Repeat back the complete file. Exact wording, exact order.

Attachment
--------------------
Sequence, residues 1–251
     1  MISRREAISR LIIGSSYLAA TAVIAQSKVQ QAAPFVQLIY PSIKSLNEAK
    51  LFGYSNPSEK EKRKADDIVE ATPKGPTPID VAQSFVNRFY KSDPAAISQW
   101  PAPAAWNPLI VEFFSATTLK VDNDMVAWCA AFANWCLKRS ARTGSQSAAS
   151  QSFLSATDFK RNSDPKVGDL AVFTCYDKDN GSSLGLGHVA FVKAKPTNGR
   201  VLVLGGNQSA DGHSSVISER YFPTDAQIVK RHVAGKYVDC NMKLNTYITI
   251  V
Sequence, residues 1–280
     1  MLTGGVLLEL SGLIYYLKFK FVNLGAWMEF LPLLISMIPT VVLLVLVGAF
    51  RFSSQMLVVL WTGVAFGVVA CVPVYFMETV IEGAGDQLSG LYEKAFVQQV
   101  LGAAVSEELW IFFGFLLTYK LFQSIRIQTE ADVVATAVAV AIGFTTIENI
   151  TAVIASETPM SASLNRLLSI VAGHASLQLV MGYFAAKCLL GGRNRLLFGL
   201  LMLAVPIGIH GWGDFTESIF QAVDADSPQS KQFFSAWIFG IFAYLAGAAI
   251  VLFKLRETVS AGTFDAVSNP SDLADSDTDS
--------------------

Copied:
Sequence, residues 1–251
     1  MISRREAISR LIIGSSYLAA TAVIAQSKVQ QAAPFVQLIY PSIKSLNEAK
    51  LFGYSNPSEK EKRKADDIVE ATPKGPTPID VAQSFVNRFY KSDPAAISQW
   101  PAPAAWNPLI VEFFSATTLK VDNDMVAWCA AFANWCLKRS ARTGSQSAAS
   151  QSFLSATDFK RNSDPKVGDL AVFTCYDKDN GSSLGLGHVA FVKAKPTNGR
   201  VLVLGGNQSA DGHSSVISER YFPTDAQIVK RHVAGKYVDC NMKLNTYITI
   251  V
Sequence, residues 1–280
     1  MLTGGVLLEL SGLIYYLKFK FVNLGAWMEF LPLLISMIPT VVLLVLVGAF
    51  RFSSQMLVVL WTGVAFGVVA CVPVYFMETV IEGAGDQLSG LYEKAFVQQV
   101  LGAAVSEELW IFFGFLLTYK LFQSIRIQTE ADVVATAVAV AIGFTTIENI
   151  TAVIASETPM SASLNRLLSI VAGHASLQLV MGYFAAKCLL GGRNRLLFGL
   201  LMLAVPIGIH GWGDFTESIF QAVDADSPQS KQFFSAWIFG IFAYLAGAAI
   251  VLFKLRETVS AGTFDAVSNP SDLADSDTDS